Sunday, May 13, 2012
Weather: Real rain yesterday, with a bit of hail; 14:03 hours of daylight today.
What’s blooming in the area: Wild pink, Persian yellow, Dr. Huey and other hybrid roses, pyracantha, snowball, purple flowered locust, silver lace vine, bearded iris, yuccas, red hot poker, peony, datura, donkey tail spurge, blue perennial salvia; buds on oriental poppy, sweet pea.
Beyond the walls and fences: Apache plume, tamarix, yuccas, fernleaf globemallow, western stickseed, bractless and tawny cryptanthas, alfilerillo, hoary cress, tumble and purple mustards, purple mat flower, gypsum phacelia, tufted white evening primrose, scarlet bee blossom, blue gilia, bindweed, oxalis, wild licorice, scurf and bush peas, golden smoke, pale trumpets, Indian paintbrush near a chamisa, woolly plantain, flea bane, plain’s paper flower, goat’s beard, cream tips, common and native dandelion; needle, rice, June and cheat grasses; buds on three awn grass; berries formed on juniper.
In my yard: Black locust, rugosa roses, spirea, beauty bush, skunk bush, baby blue iris, Bath pinks, snow-in-summer, small leaved soapwort, Jupiter’s beard, coral bells, golden spur columbine, vinca, yellow alyssum, blue flax, pink evening primrose, chocolate flower; buds on floribunda roses, privet, sea pink, blanket flowers, coreopsis, Moonshine yarrow; sour cherries formed; berries on sand cherries; pods forming on Siberian peas; zinnia and reseeded morning glory seeds coming up.
Bedding plants: Pansies, sweet alyssum, petunia, nicotiana, moss rose, impatiens.
What’s blooming inside: Zonal geraniums, aptenia.
Animal sightings: Chickadees, goldfinches, pair of hummingbirds around beauty bush, skinny pale red snake, geckos, cabbage butterfly, hornets, harvester and small black ants.
Weekly update: Donald Rumsfeld was ridiculed when he divided reality into known unknowns and unknown unknowns. Overlooking his context, it seems a perfectly reasonable way to deal with the fact many plants exist outside popular wildflower guides.
The known unknowns are the ones that appear every year in roughly the same place at roughly the same time with enough consistency that you recognize them, much like the man who sold newspapers at a street booth in Philadelphia in the 1960's. I saw him every day, but he discouraged any conversation, made himself anonymous.
The unknown unknowns are the ones you see once or twice, but not often enough to see any pattern, much like customers at the wooden shack you think you’ve seen before but aren’t quite sure if they even live in the neighborhood.
The one can be given a label, the others remain lists of characteristics.
Pink bud is a known unknown. It bloomed profusely in 2010 and hardly at all last year, though there were many buds. This year it's blooming again near the chamisas where it grows on a platform raised a few inches from the water path in the far arroyo. I don’t know if it was the drought of 2010 that determined the blooming pattern in 2011, or the late snow.
It seems to only boom once in spring, with the behavior of an annual. The heads emerge from the leaves as the stems push their way through the earth.
They begin as tight knobs of round pink balls that break into groups of five, with one in the center. These each break into two. The pink turns ivory before the five petaled flowers open. The resemble the tops of milkweed flowers, but not the undersides. Within each cluster, the center floret opens first, then the others in succesion.
Within a few weeks they produce what can only be called berries that begin green, then turn purple.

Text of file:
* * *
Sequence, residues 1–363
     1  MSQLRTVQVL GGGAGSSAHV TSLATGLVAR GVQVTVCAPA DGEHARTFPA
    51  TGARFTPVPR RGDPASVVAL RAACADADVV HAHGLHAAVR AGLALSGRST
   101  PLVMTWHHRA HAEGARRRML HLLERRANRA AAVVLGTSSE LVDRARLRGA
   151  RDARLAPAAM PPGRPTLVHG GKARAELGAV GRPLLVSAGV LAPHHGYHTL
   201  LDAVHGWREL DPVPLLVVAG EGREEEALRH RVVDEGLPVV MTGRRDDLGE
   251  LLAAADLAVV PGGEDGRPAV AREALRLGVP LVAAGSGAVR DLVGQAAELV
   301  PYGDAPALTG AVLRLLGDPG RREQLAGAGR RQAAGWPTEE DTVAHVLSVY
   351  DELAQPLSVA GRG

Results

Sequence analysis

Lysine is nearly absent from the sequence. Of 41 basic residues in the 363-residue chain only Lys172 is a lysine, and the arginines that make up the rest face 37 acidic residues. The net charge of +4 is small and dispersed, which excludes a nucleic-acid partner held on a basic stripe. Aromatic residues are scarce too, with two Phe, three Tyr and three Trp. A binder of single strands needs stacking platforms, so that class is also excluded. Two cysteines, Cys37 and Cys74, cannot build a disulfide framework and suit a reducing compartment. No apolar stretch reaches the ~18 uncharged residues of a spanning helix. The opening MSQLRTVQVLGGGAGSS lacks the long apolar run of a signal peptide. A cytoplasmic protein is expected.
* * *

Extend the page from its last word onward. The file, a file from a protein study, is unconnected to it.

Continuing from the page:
The leaves that grew lush during the summer, begin to brown in August.
The stems thicken and become wooden. The empty flower stalks turn black, their fruiting ends harden.
The roots are straight, stiff single white shafts with asparagus like scales.
After the leaves die, everything blows away, leaving no surface evidence of their existence.
Rosemary is a very different known unknown. While pink bud flourishes in late spring, this perennial likes colder, damper days.
It took me a while to distinguish it from blue gilia, which has similar clusters of basal needle shaped leaves and grows in the same area. However, the leaves of this form a ring, rather like ring muhly grass, that produces new growth on the edges of the old in late fall. This turns chartreuse, even rust, in winter, then begins to brighten in March. When you look carefully, they look a bit like shrubby branches.
The flowers are impossible to see, unless you bend to them - the tiny champaign white flowers blend into the sand around them. You’re only alerted to their existence when you see the stems rising above like grass pinks. The fact I rarely see them fully open may mean they aren’t morning flowers.
While it’s blooming at the moment, last year I didn’t see the flowers until October. And, while I’ve seen it in other places, the place it’s growing on the prairie is on the north facing side of a hilly rise that’s often covered with active biological crust that supports moss.
1. Pink bud under grass and a chamisa near the far arroyo floor, 27 April 2012.
2. Pink bud flower, 22 May 2011.
3. Pink bud emerging, 11 April 2010.
4. Pink bud groups of five with central floret opening first; just emerging cluster at the back; 22 May 2011.
5. Pink bud green berries beginning to turn purple; leaves have grown lush; 30 May 2010.
6. Pink bud leaves turning brown under a chamisa, 14 August 2011.
7. Pink bud remains, 25 September 2011.
8. Rosemary flower, 30 May 2011.
9. Mature rosemary plant with this year’s growth coexisting with the ruins of the past, 4 March 2012.
10. Greened up rosemary plant with barely visible flower buds, 27 March 2011.
11. Rosemary in winter, with an activate biological crust and moss on an north facing rise edging the far arroyo, 29 December 2010.
12. Bright green rosemary in bloom in fall, 9 October 2011.